Too Few Americans Aware of Pre-Diabetes
Too Few Americans Aware of 'Pre-Diabetes'
Nov. 7 2008
Too many American adults are unaware of "pre-diabetes" and not enough take action to reduce their risk, according to a U.S. Centers for Disease Control and Prevention study released Thursday.
People with pre-diabetes -- a condition in which blood glucose levels are higher than normal but not high enough to be classified as diabetes -- are at increased risk for developing type 2 diabetes, heart disease and stroke. But lifestyle changes such as diet and exercise can prevent or delay development of diabetes and its complications.
More than 25 percent of Americans have pre-diabetes but, in 2006, only 4 percent of adults had ever been told they had the condition, said the CDC researchers, who analyzed data on about 24,000 adults who took part in the 2006 U.S. National Health Interview Survey.
There are five conditions indicative of pre-diabetes -- pre-diabetes itself, impaired fasting glucose, impaired glucose tolerance, borderline diabetes, and high blood sugar. Of the 984 people in the study who'd been told they had pre-diabetes, 64.4 percent were told they had borderline diabetes, 38.3 percent were told they had high blood sugar, 33.7 percent were told they had pre-diabetes itself, 15.5 percent were told they had impaired glucose tolerance, and 15. 2 percent were told they had impaired fasting glucose. In addition, 43.3 percent were told they had two or more of the five conditions.
Rates of pre-diabetes increased with age, ranging from 2.7 percent among those ages 18 to 44 to 6 percent among those over age 65. Rates also increased with weight -- 2.3 percent among those with normal weight, 3.9 percent among those who were overweight, and 6.3 percent among those who were obese.
The study also found that pre-diabetes was more common among women (4.8 percent) than men (3.2 percent), but found no significant race/ethnicity-related differences.
Of the 984 people who'd been told they had pre-diabetes, 68 percent tried to lose or control weight, 55 percent increased their levels of physical activity, and 60 percent reduced their intake of dietary fat or calories. Only 42 percent engaged in all three risk reduction activities, and 24 percent didn't participate in any of these activities, the study found.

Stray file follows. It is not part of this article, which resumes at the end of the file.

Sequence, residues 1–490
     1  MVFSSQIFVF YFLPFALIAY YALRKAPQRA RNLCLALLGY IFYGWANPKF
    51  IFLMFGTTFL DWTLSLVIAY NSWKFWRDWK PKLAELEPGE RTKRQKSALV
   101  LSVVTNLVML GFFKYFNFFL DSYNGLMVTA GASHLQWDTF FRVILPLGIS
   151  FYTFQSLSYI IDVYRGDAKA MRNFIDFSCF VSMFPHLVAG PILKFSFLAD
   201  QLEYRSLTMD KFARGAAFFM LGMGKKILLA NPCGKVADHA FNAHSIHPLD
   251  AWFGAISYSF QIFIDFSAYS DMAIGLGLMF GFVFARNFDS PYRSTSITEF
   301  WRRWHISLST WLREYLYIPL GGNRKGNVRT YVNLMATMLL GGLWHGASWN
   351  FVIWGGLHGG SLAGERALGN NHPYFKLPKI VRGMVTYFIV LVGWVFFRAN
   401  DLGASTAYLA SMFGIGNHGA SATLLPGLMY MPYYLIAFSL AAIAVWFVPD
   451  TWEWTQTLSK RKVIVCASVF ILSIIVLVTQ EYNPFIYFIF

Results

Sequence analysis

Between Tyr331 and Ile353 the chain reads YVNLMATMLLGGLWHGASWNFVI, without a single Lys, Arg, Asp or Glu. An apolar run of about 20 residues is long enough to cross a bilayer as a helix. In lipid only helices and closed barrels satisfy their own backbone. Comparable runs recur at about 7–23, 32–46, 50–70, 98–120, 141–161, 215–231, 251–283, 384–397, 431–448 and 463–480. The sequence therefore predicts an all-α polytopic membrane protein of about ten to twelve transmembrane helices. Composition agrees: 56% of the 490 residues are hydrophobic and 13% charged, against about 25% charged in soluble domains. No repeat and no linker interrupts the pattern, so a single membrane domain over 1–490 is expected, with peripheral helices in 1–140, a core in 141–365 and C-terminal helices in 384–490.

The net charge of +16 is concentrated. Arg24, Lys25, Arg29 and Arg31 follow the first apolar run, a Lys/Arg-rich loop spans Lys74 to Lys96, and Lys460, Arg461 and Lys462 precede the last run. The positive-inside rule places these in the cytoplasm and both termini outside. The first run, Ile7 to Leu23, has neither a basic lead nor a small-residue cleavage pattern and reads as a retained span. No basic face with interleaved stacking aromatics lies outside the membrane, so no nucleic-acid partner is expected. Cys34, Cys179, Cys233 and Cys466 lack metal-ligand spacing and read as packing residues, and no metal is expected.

The study was published in this week's issue of the Morbidity and Mortality Weekly Report, a CDC journal. It echoes a prior study, published in the same journal on Oct. 31, that found that the U.S. rate of new cases of full-blown type 2 diabetes has doubled over the past decade from 4.5 cases per 1,000 people in 1995-1997, to 9.1 cases per 1,000 people by 2007. The suspected cause: rising obesity rates.
It's not too late to turn those numbers around, experts said. "An important opportunity exists to reduce the preventable burden of diabetes and its complications by increasing awareness of pre-diabetes among those who have the condition, and encouraging the adoption of healthier lifestyles and risk reduction activities among all U.S. adults," the researchers wrote in a summary of their study.
They added that people at increased risk for diabetes should lose or control their weight, increase their physical activity levels, and be tested according to published recommendations.
SOURCE: U.S. Centers for Disease Control and Prevention, news release, Nov. 6, 2008